Standing in front of the rape crisis centre, John honestly considered turning around and just running away. He'd never understood people who said they felt buildings were mocking them – they were inanimate constructs of stone and wood, how much mocking could they do? – but for the first time, he thought he could see what they meant. It was as though just standing front of it was somehow admitting that he wasn't strong enough, that he needed someone to hold his hand. That even though it was over, he was too weak, too helpless, to simply deal with it and move on.
Logically, he knew that was a very stupid line of thought. But logic had nothing on the venomous voices that hissed in the back of his mind until John just wanted to plug his ears and scream at them to shut up.
John took a deep breath, and pushed open the door.
The package was wrapped up like a present in bright floral paper, complete with ribbon and bow in an eye-smarting shade of pink. Usually, Sherlock would have assumed the package came from Sarah, or Molly, or was one of Mycroft's jokes, except for the fact that there was no return address. There were no stamps, either – the box had obviously been left on the doorstep by someone other than a postal worker.
Which was why Sherlock had carried it upstairs and set it down on the kitchen table, instead of just leaving it on the step.
The package measured thirty centimetres by twenty centimetres by seven centimetres. It wasn't particularly heavy, and nothing had rattled or clicked when he picked it up, making it unlikely there was an explosive device concealed inside. But the lack of explosives was in no way an indication it wasn't from Moriarty.
Sherlock pulled on rubber gloves and cut the ribbon, ensuring he preserved the knot as he did so. He cut the wrapping paper diagonally, careful not to touch the tape in case of fingerprints, and peeled it away to reveal a plain cardboard box.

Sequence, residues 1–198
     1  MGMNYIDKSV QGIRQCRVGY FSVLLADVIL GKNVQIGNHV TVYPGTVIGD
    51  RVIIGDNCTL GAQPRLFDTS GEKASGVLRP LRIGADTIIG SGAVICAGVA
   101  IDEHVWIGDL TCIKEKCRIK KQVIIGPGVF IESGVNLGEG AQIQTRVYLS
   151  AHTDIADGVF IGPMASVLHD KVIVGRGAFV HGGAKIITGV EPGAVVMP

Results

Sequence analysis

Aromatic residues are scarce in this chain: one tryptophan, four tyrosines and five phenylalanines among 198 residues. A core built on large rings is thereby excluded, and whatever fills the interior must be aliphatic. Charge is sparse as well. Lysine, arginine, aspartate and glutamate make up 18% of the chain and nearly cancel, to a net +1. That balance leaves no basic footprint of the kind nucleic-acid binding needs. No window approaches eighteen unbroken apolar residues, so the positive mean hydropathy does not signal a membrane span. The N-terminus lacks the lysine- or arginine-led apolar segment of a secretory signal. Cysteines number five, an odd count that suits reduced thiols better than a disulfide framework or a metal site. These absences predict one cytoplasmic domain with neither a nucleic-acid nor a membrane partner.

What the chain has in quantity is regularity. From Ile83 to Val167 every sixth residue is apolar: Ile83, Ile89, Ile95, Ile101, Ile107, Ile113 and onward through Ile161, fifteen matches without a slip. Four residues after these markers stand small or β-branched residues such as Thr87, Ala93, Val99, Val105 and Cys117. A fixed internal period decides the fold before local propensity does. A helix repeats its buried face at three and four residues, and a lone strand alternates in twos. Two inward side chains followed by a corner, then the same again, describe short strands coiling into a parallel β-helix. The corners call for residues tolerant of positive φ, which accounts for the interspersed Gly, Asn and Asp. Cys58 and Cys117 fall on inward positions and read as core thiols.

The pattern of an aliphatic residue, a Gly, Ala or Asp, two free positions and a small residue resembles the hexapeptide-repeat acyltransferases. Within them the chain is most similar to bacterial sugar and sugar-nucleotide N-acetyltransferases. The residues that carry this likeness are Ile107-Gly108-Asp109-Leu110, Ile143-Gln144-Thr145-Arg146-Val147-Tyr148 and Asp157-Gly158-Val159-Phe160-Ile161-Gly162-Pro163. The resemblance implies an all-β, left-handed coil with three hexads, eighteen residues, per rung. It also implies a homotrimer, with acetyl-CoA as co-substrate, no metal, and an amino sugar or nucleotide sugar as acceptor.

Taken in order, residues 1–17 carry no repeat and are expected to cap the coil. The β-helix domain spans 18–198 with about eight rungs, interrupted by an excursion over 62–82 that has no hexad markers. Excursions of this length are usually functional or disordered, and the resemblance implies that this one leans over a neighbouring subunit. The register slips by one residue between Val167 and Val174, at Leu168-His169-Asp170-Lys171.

There hadn't been any nasty surprises so far, but Sherlock was going to assume this had been sent by Moriarty until there was credible evidence to the contrary. He made sure to stand back as he eased the top off the box.
But nothing happened. It seemed there were no explosives or poison capsules or gas canister awaiting, only white material.
Beginning to entertain the idea that this was not Moriarty's work, Sherlock inspected what he'd just revealed. It looked be plain white cotton, folded many times to fit into the box; most likely sheets from a double bed, judging by the size.
It wasn't often that Sherlock was confused, but he was now. Why would anyone send him a package of bedsheets?
He grasped the corner and lifted the first sheet partway out of the box, scanning for more clues. And yes, there it was – stains. The pattern of brown spots and smears suggested a liquid, could be dried blood but fruit, rust and mud were also a possibility. There was also a musky, protein-like smell hanging on them, which increased the likelihood of the stains being blood.
Sherlock pulled the sheet free, intending to hang it up and glean whatever clues he could from it, when a small rectangle of card – obviously hidden within the sheet's folds – fell onto the kitchen table.
It was thick, obviously expensive, and clearly meant to be one of those cards usually attached to presents or gift baskets. There was writing on it, words scribed with a fountain pen in elegant, almost calligraphic script.
Sherlock noted all those features absently, then he picked up the card and read it.
Thought Johnny might like a little memento of our time together.
Sherlock's mind snapped the pieces into place.
These were the sheets John had been raped on.
Sherlock felt his stomach and throat contract, nausea and horror rising, and he felt the sudden need to drop the sheet and run to the bathroom to scrub his hands, as though he'd touched something carrying the Ebola virus.
Then he felt an eerie calm descend, and he knew exactly what he was going to do. For a moment, he wondered if this was how John felt when he had his gun in his hand.
Sherlock carefully folded the sheet again and placed it back into the box, with the card on top of it. He put the lid back on, slid it back into the wrapping paper, and replaced the ribbon. Then he carried the box into the living room and set it down in the fireplace.
He opened the flue, scrounged some kindling, and lit a match.
Sherlock knew he could be destroying valuable evidence – fingerprints at the very least, and who knew how many clues Moriarty might have left in the trace evidence on the sheets and in the package.
He didn't care.
The sheets weren't going to stay in their home. John wouldn't see them, wouldn't touch them, and Sherlock was going to ensure that by erasing them.
He set the package alight, and watched it burn.
AN: Many thanks to ginbitch , my lovely beta!